https://guoof.org/wp-content/uploads/2019/05/New-Guoof-logo-237x300.jpg 0 0 Terrance Cobbs https://guoof.org/wp-content/uploads/2019/05/New-Guoof-logo-237x300.jpg Terrance Cobbs2021-12-23 22:46:312021-12-23 22:46:31Connecticut's Union Of GUOOF and Prince Hall
Connecticut’s Union Of GUOOF and Prince Hall
So I was researching something completely different from what I am about to share born-u-truth I can’t pass up the opportunity to share some little known history about New London Connecticut’s #oddfellows and #PrinceHallMasons ! As you may know by now we shared lodges and in many cases served our communities at large…together!
66 Hempstead Street provided employment for members of the surrounding community. Residents initially worked there in the tannery, and later in the cane umbrella and silk factories that took the tannery’s place. During a manufacturing downturn in the early 1880s, the building became the soul of the people
Over a span of one hundred and fifty years, 66 Hempstead Street was a place of joy and celebration, of spiritual growth and of community organization and support. It was a locus of unity and community for the Black families of New London. There is perhaps no better name for this building than the name it was known by in 1920: the United Society Hall.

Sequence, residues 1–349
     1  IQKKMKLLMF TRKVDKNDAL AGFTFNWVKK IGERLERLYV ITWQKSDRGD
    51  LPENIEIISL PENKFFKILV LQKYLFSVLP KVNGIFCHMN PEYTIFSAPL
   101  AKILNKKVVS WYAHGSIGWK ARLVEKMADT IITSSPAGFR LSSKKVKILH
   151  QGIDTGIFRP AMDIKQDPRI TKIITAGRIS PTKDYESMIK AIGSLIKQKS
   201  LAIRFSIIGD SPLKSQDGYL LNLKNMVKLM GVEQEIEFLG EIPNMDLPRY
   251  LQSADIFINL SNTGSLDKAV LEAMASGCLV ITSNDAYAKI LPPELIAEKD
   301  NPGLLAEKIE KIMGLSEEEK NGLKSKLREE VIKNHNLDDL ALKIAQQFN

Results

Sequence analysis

the United Society purchased it and, under the leadership of James H. Brown, leased it to two Black fraternal organizations: Thames Lodge #2642, Grand United Order of Odd Fellows (G.U.O.O.F), and Jeptha Lodge #11 Prince Hall Affiliated F. & A.M. Both organizations provided support, fellowship and a gathering place for members who were barred from joining the all white lodges of both the Odd Fellows and the Masons.
#ThamesLodge2642 was founded in 1885, shortly after the end of Reconstruction (1865-1877). This was the beginning of the #JimCrow era, and there was a clear need for unity and support in the face of rampant racism, bigotry, and discrimination. #Fraternal organizations like the #GrandUnitedOrderofOddFellows and Jeptha Lodge #11 Prince Hall Affiliated F. & A.M. stepped into the breach.
James H. Brown was listed as the leader of both organizations as the 1920 City Directory identified 66 Hempstead as the home of the United Society Hall.
Could this be done again ? Possibly…but more importantly will we ever rise above the fray and stand together in the name of community benevolence? I hope so !
Author Emmanuel Page Jr.